I organized a dinner earlier this week in Chicago for Pastor Corey Brooks, founder of Project Hood, which serves youth in the challenged neighborhood of Englewood. Attendees included executives from Chicago area companies. The goal was to interest the companies in supporting the programs of the NGO.

Pastor Brooks started his remarks with a heart-wrenching tale. One of his mentees just recently committed suicide after dealing with the pressures of the possible consequences of some of his dark actions. "When I heard the news of his suicide, I wanted to quit. What's the use of my work?" Pastor Brooks asked. But later in the day, a friend of the deceased spotted the Pastor and hugged him saying, "Thank you for saving my life. Without you, I would have been dead." With new resolve, Pastor Brooks carries on.

We talked about the continued gang activity in the area and threats to individual safety. There is a very low vaccination rate against COVID due to lack of trust in government. Schools lack extracurricular activities due to budget cuts so that youth has too much spare time. Business needs to be a part of the solution.

There was an important reckoning at the table. The companies are willing to support programs, not capital campaigns. They want return on their investment in a tangible sense. For example, Barilla might support a test kitchen experimenting with new recipes or ConAgra would fund a program aimed at healthy eating or Walgreens a pharmacist training effort. There was also recognition of the potential for mentoring of the local youth; that this would be an impactful experience for the youth, and the mentors would better understand the profound challenges of inner-city Chicago. The HR budget of companies could be tapped.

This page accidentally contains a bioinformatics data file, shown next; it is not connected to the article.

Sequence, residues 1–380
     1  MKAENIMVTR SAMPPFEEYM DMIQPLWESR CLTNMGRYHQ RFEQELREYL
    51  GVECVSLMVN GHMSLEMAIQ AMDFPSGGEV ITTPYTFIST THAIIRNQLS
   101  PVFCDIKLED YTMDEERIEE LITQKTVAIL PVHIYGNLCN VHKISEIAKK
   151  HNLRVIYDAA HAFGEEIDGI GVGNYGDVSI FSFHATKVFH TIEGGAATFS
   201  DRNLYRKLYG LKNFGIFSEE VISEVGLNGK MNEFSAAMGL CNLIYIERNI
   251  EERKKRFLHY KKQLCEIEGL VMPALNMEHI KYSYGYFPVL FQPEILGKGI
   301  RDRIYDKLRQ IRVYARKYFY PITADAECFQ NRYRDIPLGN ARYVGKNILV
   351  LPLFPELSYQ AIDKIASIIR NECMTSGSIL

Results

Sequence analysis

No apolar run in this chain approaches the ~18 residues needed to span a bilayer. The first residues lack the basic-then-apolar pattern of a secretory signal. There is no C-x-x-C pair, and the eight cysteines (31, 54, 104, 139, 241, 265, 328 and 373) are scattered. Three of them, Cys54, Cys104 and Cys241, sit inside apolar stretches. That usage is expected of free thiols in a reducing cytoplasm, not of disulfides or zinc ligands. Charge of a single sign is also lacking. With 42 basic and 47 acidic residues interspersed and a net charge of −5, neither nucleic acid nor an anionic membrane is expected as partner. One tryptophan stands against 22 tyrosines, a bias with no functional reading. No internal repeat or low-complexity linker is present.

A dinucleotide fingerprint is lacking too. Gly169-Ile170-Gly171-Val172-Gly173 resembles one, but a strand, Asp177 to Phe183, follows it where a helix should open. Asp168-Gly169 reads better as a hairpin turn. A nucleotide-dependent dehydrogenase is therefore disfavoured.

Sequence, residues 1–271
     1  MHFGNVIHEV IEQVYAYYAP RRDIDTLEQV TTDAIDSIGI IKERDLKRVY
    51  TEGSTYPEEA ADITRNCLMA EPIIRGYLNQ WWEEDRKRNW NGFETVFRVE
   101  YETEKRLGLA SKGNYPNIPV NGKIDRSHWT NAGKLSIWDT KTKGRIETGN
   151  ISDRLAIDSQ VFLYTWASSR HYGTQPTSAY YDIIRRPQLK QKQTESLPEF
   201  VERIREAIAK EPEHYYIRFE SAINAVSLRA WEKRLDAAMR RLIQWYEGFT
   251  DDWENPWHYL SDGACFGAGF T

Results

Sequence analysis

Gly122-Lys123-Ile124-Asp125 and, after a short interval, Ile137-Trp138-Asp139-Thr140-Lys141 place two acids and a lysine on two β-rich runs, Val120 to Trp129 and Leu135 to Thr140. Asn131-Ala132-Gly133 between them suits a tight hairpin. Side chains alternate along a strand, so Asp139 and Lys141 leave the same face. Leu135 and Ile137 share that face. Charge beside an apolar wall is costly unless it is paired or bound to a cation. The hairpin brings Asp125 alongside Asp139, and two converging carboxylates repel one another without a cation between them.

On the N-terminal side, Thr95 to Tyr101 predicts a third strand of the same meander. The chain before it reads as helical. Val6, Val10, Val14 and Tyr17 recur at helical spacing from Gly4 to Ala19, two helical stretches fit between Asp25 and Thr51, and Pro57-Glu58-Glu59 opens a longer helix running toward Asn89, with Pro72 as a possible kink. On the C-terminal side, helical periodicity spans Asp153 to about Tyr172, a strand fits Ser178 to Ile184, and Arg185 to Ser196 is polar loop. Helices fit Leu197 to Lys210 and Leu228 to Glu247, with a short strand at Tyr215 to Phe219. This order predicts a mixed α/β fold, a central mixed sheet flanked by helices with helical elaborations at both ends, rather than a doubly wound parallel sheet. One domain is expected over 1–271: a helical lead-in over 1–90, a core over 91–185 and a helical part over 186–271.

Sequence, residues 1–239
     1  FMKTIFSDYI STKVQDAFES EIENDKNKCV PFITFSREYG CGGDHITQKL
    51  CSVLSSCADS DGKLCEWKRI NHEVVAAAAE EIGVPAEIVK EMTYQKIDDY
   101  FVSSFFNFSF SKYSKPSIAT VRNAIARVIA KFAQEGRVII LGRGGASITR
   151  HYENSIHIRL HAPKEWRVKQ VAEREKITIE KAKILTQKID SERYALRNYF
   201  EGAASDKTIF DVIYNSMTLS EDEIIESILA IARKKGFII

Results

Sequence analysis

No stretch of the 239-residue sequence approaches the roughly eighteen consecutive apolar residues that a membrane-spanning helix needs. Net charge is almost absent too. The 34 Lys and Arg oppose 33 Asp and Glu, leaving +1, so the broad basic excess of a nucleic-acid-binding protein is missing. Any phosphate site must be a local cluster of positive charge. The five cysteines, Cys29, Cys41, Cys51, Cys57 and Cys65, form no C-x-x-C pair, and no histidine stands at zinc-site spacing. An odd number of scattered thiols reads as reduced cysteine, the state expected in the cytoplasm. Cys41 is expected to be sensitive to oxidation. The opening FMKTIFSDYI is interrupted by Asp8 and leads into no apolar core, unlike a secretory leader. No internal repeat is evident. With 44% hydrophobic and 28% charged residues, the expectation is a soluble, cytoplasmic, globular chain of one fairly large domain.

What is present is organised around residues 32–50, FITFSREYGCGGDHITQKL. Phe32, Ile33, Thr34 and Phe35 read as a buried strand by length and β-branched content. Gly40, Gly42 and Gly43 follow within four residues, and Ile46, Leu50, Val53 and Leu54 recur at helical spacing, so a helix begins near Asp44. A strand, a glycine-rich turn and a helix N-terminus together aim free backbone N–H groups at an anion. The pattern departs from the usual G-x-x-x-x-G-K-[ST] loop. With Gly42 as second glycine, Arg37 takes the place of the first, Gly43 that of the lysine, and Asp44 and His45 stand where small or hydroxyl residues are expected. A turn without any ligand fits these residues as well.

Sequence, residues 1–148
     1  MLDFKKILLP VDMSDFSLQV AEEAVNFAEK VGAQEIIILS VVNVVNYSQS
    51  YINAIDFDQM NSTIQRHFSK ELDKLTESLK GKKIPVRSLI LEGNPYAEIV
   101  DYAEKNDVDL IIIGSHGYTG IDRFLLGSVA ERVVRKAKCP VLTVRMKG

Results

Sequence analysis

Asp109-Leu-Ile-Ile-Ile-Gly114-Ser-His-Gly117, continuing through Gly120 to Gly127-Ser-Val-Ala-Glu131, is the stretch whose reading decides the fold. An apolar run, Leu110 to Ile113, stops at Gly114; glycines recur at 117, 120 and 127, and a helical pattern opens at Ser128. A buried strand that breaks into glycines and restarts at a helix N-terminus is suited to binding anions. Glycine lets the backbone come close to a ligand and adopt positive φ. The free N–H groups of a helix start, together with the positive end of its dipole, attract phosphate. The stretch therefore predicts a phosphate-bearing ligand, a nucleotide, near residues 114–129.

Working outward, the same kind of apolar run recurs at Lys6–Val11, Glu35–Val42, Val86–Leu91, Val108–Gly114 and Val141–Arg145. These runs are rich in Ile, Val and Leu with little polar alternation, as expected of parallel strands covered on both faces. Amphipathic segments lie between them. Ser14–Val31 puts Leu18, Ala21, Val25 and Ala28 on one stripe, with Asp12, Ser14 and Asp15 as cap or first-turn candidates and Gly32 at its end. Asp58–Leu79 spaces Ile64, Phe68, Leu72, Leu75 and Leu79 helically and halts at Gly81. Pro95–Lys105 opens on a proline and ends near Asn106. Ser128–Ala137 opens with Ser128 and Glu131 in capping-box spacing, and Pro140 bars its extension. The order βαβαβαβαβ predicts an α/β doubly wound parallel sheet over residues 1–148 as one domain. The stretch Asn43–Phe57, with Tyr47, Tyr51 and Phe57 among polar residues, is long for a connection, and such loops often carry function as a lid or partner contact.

It also was clear that companies are reticent about locating factories in Englewood. A neighbor in my rental building in Chicago is a food broker and maker of pork rinds. He was quite definitive about not building in unsafe areas; why jeopardize my personal safety?

Pastor Brooks is training hundreds of young people to go into food service, gardening, construction and programming. He employs former convicts as docents; they are role models in reverse, having served time in prison, aiming to prevent the next generation from following that path. He is the eternal optimist, now ten years into a life mission of changing the neighborhood. He is succeeding through sheer effort; from the highest crime area in Chicago to number 20 today.

The future for Project Hood depends on its ability to go beyond the classic donation model reliant on the wealthy. It is to connect the mission to corporate Chicago, to get food research labs and test kitchens built in the new center. The aspiring corporate leaders should be part of a junior board, called upon to mentor and to bring students downtown to see what is possible. I am 100 percent in for this challenge. Who will join me?

Richard Edelman is CEO.